She invited him to breakfast the next day. He turned up saying he'd taken the whole day off work. This time it was his turn to talk, and she discovered to her amazement he'd become one of the most successful people in town. He'd inherited the quarry from his father and turned it into a thriving business, employing over a 250 townsfolk. But he still lived in the run-down old house behind the scrapyard, though he did admit to having done it up, somewhat. As they were chatting away, the hotel manager arrived with three letters, each from the solicitor. She couldn't help explaining her business there now.

"So, you see either I have to come up with £350 000 by next week or accept one of these offers and get out of here for ever."

His eyes more than his lips asked: "Is there no way you can raise the money?"

"Not by next week. If I had another six months, I might manage it, if..." But that part of her life still lay under a shroud of secrecy.

He excused himself right after breakfast but promised to pick her up before eleven. We'll walk out to the canal and take a boat down to Tonwy. She'd not quite imagined the boat being his boat but loved the thrill she got from standing at the tiller, Delwyn standing behind her, holding firmly onto her shoulders to keep things steady. They'd lunched on a fine old ploughman's at "The Crossed Keys", washed down by a quenching pint of real, brewed by the landlord himself. And when she saw the piano sitting alone in the tap room, she couldn't resist. Another pint of real and the three of them - the landlord also loved a sing-song - were off. They sang all afternoon, going through their old repertoire several times, and even trying out some newer songs. People came and went and were generous with their applause. But not one of them recognised that they had before them half of the foursome who had entertained not a few of them some fifteen years ago.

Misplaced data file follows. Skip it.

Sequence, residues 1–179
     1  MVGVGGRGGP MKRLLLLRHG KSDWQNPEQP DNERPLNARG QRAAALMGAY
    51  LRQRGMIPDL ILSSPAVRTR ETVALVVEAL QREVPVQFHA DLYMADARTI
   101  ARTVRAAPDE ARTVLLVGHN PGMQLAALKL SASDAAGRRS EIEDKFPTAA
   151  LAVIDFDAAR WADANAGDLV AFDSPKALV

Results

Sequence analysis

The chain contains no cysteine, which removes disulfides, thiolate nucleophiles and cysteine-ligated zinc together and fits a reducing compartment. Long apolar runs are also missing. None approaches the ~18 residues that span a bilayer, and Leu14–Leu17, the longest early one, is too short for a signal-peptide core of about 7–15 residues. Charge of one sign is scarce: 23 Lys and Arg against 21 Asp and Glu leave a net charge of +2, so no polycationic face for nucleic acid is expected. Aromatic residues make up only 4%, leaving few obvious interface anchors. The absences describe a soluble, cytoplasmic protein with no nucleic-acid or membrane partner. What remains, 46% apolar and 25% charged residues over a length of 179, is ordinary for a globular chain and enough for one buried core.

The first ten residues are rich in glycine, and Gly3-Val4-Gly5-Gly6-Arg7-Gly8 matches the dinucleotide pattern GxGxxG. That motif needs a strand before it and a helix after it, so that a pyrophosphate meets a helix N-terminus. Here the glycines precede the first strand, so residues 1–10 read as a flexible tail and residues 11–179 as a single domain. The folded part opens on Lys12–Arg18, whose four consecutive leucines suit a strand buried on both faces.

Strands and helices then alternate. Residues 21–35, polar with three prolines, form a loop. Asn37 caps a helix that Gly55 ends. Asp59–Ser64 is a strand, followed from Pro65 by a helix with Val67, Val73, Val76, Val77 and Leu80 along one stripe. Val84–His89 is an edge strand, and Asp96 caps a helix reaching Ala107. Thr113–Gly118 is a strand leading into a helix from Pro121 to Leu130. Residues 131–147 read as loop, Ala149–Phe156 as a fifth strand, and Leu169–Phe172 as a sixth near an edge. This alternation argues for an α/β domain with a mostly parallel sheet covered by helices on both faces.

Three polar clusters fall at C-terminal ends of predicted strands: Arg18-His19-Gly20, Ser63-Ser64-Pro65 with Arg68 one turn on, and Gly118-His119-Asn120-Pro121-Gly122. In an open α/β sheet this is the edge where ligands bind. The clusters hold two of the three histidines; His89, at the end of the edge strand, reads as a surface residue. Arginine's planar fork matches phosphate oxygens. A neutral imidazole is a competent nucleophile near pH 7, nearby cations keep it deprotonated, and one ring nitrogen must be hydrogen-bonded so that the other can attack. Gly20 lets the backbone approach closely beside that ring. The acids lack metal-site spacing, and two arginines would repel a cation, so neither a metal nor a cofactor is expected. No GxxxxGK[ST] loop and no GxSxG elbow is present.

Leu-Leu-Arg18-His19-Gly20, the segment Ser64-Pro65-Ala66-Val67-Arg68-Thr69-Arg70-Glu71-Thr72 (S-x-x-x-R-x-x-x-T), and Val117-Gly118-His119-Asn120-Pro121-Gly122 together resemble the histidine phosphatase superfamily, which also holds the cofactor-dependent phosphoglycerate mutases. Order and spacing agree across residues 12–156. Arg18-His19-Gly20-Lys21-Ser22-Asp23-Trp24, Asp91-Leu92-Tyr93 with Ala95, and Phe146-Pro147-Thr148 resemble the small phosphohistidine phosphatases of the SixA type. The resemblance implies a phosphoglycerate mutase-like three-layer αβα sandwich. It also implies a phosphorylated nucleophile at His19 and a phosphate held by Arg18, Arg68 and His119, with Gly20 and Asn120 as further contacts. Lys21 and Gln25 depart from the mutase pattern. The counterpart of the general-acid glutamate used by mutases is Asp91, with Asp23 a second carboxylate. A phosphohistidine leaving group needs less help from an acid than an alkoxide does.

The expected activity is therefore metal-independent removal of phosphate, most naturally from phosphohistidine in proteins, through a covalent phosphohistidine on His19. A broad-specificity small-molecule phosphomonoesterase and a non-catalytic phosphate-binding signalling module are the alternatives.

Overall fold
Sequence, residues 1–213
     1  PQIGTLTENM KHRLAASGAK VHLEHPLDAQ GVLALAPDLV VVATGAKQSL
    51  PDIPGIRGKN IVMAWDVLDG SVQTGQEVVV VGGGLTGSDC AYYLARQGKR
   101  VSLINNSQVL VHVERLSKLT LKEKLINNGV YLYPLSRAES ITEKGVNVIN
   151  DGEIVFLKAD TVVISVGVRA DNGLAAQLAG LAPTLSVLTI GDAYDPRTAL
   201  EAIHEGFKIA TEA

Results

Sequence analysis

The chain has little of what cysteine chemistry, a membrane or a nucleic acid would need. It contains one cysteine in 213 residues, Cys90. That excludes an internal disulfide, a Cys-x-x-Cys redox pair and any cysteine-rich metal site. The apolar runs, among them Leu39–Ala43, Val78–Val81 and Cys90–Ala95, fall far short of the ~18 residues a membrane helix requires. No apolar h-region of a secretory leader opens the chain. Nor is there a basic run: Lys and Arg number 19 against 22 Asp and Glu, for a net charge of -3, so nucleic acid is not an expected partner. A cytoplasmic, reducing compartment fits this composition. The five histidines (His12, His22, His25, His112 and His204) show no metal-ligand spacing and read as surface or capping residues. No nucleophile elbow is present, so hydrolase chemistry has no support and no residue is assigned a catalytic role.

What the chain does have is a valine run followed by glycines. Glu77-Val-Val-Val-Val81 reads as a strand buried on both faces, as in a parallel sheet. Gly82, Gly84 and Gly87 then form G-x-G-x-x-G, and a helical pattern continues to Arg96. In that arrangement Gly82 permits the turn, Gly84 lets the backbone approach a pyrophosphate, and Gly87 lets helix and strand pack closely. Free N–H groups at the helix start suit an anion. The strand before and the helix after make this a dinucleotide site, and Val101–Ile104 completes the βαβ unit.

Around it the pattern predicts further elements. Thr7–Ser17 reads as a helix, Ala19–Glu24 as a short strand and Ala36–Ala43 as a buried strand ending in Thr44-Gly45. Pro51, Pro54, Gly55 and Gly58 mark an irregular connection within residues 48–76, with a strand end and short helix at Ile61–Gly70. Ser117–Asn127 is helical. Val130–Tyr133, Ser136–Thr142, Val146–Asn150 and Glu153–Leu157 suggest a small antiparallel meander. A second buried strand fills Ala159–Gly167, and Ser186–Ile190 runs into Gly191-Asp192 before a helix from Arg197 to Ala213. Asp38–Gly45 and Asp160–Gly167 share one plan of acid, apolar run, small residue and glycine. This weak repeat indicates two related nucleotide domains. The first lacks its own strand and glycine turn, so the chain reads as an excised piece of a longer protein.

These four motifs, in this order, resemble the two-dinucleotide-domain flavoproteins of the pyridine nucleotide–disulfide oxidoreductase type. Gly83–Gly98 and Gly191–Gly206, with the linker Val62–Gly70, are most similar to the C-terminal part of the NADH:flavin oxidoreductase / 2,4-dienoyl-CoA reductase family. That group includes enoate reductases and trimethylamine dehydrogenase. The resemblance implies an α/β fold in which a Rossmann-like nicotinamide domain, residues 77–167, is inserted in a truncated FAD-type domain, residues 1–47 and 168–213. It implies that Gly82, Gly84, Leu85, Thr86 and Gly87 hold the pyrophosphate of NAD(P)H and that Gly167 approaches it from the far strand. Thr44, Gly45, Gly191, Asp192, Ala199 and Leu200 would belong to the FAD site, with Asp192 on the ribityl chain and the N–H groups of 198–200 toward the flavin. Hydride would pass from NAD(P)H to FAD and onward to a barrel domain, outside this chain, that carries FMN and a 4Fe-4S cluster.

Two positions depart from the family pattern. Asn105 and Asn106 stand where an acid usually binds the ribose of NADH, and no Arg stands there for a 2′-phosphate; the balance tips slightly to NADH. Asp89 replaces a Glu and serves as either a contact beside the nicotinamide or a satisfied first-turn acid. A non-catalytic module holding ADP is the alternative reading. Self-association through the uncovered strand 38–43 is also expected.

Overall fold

That night it was Sîan who lovingly raised her finger to caress Delwyn's cheek, hoping that he might... They parted without a word, not even making arrangements to see each other the next day. But, thought Sîan, he knew where to find her.